Running a large business is sometimes considered more difficult than running a small business, even though CEOs and group leaders can get all the information they want, when they want it, and they have lot of capital to make sure their decisions are implemented.
It’s a fair point, but it’s a misconception. Running a small business is actually much harder than running a large business, simply because the entrepreneur in charge of a small business doesn’t have the same means – and is usually facing far stiffer competition.
Do you want to manage your finances better? Here’s your essential guide to balancing a small-business budget.
Identify the risks for your business
An enterprise has inherent risks – running a business means that you are willing to accept the risks in return for the possibility of eventual profit. One of the keys to success in business is being able to balance your budget. It’s also critical to identify the risks, and find ways to minimise them. There are various ways to reduce risks (and, truth is, it’s not that hard), but it’s important to first determine the specific risks which apply to your business.
Avoid unexpected expenses
It happens to the majority of entrepreneurs – they tend to spend a lot more than they anticipate at the start. If you think you have all your business expenses listed down, think again; it’s very good advice to add a margin (e.g. 20%) for financial planning purposes in relation to initial start-up expenditure. Research shows that start-ups are much more likely to spend more than less, especially during the first couple of months of operating. Plan for it – don’t get caught short!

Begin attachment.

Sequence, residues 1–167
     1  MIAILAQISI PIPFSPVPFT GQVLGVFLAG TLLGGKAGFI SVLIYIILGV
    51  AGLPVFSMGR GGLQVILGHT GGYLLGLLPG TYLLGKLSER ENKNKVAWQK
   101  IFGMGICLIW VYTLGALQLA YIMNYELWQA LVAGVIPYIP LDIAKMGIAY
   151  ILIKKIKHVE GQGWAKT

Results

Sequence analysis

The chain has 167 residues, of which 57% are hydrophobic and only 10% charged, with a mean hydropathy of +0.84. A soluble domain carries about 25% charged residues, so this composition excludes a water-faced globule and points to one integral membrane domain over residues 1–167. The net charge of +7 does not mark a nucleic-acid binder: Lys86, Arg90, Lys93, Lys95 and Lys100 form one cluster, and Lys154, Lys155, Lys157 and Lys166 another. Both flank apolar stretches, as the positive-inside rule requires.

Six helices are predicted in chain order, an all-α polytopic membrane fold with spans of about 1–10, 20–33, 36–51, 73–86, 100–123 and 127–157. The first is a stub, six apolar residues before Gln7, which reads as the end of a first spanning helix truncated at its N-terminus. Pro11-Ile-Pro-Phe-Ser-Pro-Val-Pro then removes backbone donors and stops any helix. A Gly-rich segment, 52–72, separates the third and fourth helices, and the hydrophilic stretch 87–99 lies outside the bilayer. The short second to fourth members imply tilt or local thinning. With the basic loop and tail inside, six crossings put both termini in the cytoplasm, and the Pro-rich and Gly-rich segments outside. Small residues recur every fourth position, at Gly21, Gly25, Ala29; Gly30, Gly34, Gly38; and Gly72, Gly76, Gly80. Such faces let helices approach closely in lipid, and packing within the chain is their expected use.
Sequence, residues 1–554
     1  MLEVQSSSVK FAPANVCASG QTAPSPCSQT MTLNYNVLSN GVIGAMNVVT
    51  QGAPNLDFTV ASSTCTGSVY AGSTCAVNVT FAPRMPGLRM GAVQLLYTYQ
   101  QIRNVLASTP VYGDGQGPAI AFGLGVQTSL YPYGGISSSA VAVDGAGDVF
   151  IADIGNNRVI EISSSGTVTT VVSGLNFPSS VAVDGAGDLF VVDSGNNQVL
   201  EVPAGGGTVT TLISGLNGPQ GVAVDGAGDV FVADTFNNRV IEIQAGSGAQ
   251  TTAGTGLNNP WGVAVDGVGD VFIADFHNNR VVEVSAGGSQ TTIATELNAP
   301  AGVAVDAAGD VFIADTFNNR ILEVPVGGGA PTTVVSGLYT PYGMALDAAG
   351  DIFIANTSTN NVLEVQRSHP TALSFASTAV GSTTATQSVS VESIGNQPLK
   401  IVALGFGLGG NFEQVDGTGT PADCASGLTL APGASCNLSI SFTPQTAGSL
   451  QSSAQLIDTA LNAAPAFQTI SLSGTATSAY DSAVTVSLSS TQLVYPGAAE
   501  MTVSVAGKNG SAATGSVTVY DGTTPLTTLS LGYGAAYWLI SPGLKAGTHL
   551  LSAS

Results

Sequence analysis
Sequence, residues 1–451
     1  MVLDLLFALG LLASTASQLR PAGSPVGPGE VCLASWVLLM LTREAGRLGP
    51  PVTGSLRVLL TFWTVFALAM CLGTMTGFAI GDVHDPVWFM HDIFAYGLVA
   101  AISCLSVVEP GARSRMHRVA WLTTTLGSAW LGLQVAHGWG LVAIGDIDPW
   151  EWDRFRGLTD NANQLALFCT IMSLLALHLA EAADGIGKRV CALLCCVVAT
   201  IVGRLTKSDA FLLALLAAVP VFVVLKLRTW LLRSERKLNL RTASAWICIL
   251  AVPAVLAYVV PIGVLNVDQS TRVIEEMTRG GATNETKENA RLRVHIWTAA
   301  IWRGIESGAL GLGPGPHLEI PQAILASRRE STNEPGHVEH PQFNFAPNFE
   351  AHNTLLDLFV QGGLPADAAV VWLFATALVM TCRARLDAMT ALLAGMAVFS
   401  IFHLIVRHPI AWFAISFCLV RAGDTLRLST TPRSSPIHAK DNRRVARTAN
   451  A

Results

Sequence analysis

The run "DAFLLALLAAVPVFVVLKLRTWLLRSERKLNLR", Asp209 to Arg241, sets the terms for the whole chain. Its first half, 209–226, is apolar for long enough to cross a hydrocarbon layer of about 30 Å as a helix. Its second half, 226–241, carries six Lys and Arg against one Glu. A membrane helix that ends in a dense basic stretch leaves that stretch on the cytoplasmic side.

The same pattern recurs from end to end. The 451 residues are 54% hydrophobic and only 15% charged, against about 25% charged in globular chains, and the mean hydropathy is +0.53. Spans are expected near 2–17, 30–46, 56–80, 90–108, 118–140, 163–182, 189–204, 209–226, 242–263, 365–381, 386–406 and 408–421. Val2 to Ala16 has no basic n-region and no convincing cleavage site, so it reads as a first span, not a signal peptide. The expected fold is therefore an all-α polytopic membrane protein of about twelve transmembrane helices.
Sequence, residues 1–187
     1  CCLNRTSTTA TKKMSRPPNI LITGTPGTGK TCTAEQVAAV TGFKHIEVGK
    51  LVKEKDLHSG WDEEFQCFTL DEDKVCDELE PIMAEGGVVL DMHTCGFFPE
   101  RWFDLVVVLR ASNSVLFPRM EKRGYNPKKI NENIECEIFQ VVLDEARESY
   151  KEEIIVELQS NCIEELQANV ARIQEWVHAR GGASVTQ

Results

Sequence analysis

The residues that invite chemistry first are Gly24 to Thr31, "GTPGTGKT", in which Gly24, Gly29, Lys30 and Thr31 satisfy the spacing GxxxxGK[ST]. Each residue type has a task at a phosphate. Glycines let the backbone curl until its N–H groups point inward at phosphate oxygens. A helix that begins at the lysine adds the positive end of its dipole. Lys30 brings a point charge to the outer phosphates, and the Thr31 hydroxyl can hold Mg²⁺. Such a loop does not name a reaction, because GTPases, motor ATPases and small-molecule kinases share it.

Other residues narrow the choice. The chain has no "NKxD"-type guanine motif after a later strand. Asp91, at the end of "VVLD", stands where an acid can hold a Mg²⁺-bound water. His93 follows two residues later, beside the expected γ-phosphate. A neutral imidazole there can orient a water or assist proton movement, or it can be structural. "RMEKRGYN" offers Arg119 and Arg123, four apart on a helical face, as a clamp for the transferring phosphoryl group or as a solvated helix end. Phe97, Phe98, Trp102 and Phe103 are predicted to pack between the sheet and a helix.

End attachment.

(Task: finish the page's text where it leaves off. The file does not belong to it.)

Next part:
Understand your business cycle
Know your business cycle. Is your business likely to be affected by seasonal trends? Is it recession proof? Research competitors, annual sales statistics for your sector, etc. It takes some time, but it will give you greater insight into your market, and make long-term financial planning much easier.
Avoid unnecessary large purchases
Large purchases typically require serious funding. If you are worried about committing, it might be better to consider leasing equipment initially rather than purchasing it outright.
Finally, don’t reinvest everything that you earn into your business immediately. Set aside a certain percentage in a savings account and build up your cash reserves. This will help you in two significant ways: it will give you satisfaction knowing that all your transactions are accumulating money in the long-term, and it will give you easy access to capital for expansion in the future, with no need to take on expensive business loans or put up collateral.